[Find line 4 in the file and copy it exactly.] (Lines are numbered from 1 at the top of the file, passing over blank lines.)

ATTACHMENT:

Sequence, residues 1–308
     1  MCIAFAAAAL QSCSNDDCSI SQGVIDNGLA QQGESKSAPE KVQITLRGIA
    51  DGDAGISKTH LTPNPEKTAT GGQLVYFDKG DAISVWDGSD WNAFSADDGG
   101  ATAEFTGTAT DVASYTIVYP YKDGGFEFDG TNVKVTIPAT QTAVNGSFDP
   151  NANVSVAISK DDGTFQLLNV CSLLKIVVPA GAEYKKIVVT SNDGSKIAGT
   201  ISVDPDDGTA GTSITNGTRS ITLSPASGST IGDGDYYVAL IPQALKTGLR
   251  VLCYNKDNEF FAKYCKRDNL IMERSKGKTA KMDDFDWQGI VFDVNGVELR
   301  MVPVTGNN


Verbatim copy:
   101  ATAEFTGTAT DVASYTIVYP YKDGGFEFDG TNVKVTIPAT QTAVNGSFDP